June 29, 2023
Belgium-Netherlands tax treaty recently signed; ratification to follow
On 21 June 2023, the Belgian and Dutch Finance Ministers signed a new tax treaty and protocol, published on 22 June 2023. (The treaty is available here in French and Dutch.)
This new agreement will replace the current Belgian-Netherlands tax treaty, which was concluded in 2001 and modified by the 2009 protocol. Awaiting this new treaty, the Belgian and Dutch tax authorities already notified the 2001 treaty in November 2021 as a covered tax agreement for the purposes of applying the Multilateral Instrument (MLI). Hence, certain treaty-related anti-abuse measures already applied to the 2001 treaty as of 1 January 2022 (e.g., a principal-purposes test and anti-abuse measures with respect to withholding tax relief and the permanent establishment concept).
In addition to including these MLI provisions in the new treaty text, Belgium and the Netherlands agreed to include various non-MLI provisions. This Alert summarizes the most relevant changes in a corporate environment.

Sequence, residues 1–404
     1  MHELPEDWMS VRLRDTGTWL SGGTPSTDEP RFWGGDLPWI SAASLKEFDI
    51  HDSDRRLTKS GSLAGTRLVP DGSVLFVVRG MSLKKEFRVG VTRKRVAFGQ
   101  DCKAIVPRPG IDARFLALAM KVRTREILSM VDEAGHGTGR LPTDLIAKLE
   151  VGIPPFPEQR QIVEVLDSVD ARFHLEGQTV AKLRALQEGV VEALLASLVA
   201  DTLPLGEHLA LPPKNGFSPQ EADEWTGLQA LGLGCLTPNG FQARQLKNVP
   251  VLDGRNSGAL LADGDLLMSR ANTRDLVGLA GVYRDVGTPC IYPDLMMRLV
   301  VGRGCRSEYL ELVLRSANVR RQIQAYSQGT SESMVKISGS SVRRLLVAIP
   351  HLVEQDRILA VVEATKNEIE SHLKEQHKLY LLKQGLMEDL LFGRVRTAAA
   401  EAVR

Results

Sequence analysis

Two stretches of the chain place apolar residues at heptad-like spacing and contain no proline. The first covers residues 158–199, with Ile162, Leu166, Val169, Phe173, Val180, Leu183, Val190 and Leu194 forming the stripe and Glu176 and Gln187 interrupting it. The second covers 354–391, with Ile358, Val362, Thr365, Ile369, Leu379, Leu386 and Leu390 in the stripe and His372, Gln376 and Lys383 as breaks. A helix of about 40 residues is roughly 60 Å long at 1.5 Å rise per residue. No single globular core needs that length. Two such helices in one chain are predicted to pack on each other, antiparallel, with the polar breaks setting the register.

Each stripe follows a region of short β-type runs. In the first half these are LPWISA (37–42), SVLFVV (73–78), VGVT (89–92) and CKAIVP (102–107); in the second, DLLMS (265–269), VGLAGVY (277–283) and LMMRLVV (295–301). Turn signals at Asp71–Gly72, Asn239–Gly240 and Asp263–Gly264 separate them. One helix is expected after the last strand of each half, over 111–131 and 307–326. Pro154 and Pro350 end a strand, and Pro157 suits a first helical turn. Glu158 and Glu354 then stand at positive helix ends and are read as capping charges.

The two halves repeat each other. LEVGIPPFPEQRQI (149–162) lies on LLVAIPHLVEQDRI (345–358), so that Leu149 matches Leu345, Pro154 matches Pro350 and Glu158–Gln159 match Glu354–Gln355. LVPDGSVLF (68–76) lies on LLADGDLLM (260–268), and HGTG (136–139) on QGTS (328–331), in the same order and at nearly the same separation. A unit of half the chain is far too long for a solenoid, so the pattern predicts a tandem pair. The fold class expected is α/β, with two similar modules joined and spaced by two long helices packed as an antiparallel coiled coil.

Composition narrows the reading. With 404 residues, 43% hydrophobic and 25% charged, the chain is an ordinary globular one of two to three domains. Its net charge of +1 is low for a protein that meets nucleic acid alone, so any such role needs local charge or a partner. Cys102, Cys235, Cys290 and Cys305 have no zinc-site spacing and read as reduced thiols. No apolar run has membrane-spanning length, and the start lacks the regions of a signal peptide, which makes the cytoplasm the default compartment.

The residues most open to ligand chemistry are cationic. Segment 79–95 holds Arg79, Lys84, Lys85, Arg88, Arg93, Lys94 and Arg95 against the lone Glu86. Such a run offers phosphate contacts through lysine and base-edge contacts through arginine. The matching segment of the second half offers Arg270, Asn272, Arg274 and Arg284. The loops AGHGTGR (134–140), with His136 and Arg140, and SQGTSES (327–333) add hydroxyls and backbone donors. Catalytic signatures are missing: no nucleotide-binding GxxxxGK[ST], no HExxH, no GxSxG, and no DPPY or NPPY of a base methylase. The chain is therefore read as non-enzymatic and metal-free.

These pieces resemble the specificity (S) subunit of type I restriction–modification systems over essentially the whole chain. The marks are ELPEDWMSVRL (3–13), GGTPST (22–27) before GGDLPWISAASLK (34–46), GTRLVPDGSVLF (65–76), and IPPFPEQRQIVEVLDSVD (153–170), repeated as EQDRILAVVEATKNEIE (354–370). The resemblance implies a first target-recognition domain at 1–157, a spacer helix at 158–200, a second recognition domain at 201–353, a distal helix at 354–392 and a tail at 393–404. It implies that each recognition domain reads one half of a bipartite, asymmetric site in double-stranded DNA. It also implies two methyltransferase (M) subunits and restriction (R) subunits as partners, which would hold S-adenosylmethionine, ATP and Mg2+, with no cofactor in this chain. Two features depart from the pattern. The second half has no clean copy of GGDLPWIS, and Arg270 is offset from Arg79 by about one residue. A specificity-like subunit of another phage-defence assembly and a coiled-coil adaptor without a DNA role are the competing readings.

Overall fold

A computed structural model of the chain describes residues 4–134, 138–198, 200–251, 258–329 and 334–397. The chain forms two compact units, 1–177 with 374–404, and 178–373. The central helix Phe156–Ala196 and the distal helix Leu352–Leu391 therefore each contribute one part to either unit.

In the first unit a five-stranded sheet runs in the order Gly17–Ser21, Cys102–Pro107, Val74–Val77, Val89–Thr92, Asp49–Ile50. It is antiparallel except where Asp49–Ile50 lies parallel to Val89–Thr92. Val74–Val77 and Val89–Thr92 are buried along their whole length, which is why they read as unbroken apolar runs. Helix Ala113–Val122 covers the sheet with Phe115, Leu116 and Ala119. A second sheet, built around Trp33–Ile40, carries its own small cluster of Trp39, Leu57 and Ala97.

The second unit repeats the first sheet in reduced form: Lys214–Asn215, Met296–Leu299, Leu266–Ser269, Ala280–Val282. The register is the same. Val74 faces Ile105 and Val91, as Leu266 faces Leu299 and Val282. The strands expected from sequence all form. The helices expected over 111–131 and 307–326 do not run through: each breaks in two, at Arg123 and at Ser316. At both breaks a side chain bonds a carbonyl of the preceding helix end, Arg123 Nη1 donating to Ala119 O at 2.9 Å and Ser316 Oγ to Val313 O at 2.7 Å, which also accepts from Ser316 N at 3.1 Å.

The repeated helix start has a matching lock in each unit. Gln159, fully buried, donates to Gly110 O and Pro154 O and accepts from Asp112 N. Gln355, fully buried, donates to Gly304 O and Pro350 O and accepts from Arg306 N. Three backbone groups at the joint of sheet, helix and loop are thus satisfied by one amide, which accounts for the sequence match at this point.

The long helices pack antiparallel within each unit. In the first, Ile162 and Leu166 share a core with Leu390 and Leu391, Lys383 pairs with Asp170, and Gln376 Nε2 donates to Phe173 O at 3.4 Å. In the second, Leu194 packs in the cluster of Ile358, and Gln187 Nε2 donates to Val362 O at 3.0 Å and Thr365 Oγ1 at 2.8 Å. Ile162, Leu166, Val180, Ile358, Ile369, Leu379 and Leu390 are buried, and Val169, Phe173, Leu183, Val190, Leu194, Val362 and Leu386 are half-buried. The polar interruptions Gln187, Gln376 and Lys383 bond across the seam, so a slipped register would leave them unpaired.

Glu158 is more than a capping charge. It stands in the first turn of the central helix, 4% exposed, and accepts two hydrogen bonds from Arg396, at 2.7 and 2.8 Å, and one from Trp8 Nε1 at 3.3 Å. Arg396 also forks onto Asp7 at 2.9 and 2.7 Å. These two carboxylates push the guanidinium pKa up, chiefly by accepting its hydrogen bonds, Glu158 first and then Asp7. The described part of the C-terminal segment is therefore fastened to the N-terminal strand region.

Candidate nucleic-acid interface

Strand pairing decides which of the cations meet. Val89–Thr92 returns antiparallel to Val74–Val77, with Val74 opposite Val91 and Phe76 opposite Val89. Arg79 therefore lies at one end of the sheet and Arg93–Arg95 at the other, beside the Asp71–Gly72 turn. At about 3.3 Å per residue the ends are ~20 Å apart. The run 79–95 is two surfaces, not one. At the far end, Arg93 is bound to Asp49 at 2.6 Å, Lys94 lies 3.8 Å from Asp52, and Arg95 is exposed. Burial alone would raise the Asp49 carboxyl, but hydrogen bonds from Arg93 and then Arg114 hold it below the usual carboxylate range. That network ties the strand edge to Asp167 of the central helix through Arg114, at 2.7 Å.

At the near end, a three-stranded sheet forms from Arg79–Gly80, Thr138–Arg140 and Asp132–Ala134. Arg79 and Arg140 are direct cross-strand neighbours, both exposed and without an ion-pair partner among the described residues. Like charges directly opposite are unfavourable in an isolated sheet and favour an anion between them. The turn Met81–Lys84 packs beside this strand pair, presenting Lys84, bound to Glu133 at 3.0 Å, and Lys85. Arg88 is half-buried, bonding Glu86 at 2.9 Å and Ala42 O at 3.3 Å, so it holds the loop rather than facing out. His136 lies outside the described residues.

Note that the protocol to the new treaty explicitly stipulates that the Organisation for Economic Co-operation and Development (OECD) Commentary should be applied as it reads at the time that treaty protection and/or treaty benefits are claimed (so-called "dynamic treaty interpretation").
Tax residency and hybrid entities
The new Belgium-Netherlands tax treaty contains a new hybrid-entity clause (although currently applicable through the MLI). According to this provision, income derived by or through an entity or arrangement that is treated as tax-transparent for Belgian or Dutch tax purposes is deemed to be income derived by a resident of the contracting state — to the extent that the contracting state equally treats this income for tax purposes as income derived by a tax resident of that state.